Larger increases were typically seen in states with fewer deaths related to COVID-19, lower unemployment among women, analysis finds.
Postpartum depression symptoms increased among women in the United States during the first year of the COVID-19 pandemic, results from a University of Virginia Health System study showed.1
During that time, the national rates of postpartum depression increased to 6.9% from 6.5%.
States with a greater increase in postpartum depression symptoms tended to have fewer deaths from COVID-19 and lower unemployment rates among women, according to investigators from the University of Virginia School of Medicine, Johns Hopkins University, and Flo Health.
“Rates of postpartum depression symptoms have clearly been impacted by the pandemic,” Jennifer Payne, MD, director of the Reproductive Psychiatry Research Program at the UVA School of Medicine, said in a statement. “Nationwide, the rates of postpartum depression symptoms increased during the pandemic and continued to rise as the pandemic extended.”
To better understand the pandemic’s effects on postpartum depression, investigators analyzed more than 278,000 responses between January 2018 and March 2021 to a post-pregnancy survey on the Flow application, which helps women track their menstrual cycles, as well as their moods and physical symptoms during and after pregnancy.
The data was synced with US government data on COVID-19 cases and deaths from March 2020 to March 2021, along with unemployment data.
Investigators found that, nationally, the rates of postpartum depression symptoms steadily increased during the pandemic’s first year, reaching a high of 7.7% between December 2020 and March 2021.
Among all states and the District of Columbia, 36 showed an increase in postpartum depression symptoms across the first year of the pandemic, while 7 saw a decrease and 8 saw no change.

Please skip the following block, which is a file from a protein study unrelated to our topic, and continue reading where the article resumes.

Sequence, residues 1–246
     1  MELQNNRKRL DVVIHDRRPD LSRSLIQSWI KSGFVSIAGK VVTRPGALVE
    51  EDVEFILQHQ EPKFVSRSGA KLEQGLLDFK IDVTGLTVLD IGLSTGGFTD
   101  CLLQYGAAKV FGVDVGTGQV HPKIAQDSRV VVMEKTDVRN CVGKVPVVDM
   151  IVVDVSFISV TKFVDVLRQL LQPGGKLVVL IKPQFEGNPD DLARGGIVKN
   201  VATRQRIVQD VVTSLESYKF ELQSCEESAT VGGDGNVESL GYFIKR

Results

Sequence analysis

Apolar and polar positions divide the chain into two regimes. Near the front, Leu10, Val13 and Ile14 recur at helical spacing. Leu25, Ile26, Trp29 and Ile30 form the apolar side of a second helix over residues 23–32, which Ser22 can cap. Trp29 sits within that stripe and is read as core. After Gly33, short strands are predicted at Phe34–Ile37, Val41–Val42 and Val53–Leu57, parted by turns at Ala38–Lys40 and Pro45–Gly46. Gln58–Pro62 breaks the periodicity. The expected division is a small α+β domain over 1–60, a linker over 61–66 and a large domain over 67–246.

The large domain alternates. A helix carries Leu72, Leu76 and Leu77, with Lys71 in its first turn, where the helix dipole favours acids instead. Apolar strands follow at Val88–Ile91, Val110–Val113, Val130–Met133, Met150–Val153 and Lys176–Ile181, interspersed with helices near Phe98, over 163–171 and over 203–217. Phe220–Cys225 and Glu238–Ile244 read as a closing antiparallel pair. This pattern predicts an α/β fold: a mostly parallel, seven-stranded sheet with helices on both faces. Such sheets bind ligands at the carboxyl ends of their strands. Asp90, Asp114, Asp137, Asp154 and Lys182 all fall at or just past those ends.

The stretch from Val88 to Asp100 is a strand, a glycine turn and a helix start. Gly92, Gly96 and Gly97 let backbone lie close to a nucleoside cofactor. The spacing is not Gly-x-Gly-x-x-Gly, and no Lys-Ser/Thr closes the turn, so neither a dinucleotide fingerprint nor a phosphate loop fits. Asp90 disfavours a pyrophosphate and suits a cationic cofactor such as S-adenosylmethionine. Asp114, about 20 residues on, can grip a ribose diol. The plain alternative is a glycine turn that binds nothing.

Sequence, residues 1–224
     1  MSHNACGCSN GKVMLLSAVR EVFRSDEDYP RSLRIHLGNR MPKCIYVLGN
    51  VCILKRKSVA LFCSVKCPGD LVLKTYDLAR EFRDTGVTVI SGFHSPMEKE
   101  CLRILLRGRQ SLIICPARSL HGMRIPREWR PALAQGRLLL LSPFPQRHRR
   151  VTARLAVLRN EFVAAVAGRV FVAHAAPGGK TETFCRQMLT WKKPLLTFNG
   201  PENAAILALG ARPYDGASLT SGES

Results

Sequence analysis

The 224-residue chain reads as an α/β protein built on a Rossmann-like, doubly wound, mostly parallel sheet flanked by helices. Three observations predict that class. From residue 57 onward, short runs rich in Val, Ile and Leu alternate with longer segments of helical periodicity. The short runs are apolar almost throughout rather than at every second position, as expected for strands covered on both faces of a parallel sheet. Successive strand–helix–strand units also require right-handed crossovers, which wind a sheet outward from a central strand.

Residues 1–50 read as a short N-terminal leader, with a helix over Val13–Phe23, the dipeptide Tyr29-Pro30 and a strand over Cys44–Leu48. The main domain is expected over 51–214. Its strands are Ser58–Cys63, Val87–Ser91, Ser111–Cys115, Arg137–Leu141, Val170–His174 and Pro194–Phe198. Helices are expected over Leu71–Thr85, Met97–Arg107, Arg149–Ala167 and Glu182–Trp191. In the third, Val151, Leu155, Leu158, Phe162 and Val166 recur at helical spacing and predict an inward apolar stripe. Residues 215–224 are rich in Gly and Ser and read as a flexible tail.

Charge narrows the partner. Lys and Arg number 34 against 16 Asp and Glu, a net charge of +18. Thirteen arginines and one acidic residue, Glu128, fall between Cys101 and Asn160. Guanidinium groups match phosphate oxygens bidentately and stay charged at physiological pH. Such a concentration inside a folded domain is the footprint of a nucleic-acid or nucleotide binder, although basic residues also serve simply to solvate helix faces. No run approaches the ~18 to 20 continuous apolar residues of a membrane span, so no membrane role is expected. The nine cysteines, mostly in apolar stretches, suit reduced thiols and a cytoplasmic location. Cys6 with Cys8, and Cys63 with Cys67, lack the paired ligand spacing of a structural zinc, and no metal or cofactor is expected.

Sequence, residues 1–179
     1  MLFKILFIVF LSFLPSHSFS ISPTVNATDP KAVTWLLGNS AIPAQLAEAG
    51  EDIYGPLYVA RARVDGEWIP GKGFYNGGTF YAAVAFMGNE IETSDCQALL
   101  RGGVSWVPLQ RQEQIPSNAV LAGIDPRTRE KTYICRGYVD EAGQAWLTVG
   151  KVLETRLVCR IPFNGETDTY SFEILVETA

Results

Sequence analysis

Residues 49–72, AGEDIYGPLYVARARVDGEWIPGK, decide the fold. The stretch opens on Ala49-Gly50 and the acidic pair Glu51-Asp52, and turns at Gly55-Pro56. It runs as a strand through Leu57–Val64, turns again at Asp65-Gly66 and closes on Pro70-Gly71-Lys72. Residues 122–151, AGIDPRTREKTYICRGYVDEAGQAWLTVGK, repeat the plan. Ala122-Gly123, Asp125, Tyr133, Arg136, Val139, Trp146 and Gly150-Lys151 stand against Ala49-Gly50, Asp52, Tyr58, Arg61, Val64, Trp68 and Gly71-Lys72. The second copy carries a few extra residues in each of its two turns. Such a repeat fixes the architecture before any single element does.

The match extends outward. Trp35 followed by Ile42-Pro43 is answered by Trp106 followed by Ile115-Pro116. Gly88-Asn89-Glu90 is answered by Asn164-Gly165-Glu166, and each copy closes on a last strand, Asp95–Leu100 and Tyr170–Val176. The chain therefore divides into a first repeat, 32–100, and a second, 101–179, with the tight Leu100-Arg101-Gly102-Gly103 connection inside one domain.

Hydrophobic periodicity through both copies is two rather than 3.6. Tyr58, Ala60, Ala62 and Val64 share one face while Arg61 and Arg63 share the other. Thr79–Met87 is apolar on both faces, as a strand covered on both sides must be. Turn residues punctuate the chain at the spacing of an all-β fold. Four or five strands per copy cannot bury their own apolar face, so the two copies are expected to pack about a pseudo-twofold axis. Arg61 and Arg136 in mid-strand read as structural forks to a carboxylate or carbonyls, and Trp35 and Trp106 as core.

At the state level, states with fewer deaths per 100,000 residents from COVID-19 showed a greater increase in postpartum depression symptoms caused by a greater feeling of anxiety and hopelessness.
States with lower unemployment rates among women in 2020 also showed a greater increase in symptoms, but that was related to emotional exhaustion and no energy to take care of a child, investigators said.
The reason states that were less affected by the pandemic saw a larger increase in postpartum depression is that women in those states had less access to support systems, investigators said.
They also said that previous research showed that these support systems help protect women from developing these symptoms.
“Because postpartum depression not only has deleterious effects on the mother but also on the child, it’s important that we identify risk factors as well as protective factors.” said Payne, who received an honorarium from CMEtoGO, Karuna Therapeutics, and UptoDate. “The pandemic clearly increased the risk for postpartum depression symptoms.”
The results were published in the Journal of Psychiatric Research, and the study was supported by the National Institutes of Mental Health.
1. Postpartum depression increased during pandemic’s first year, study finds. EurekAlert. News release. May 9, 2022. Accessed May 10, 2022. https://www.eurekalert.org/news-releases/952084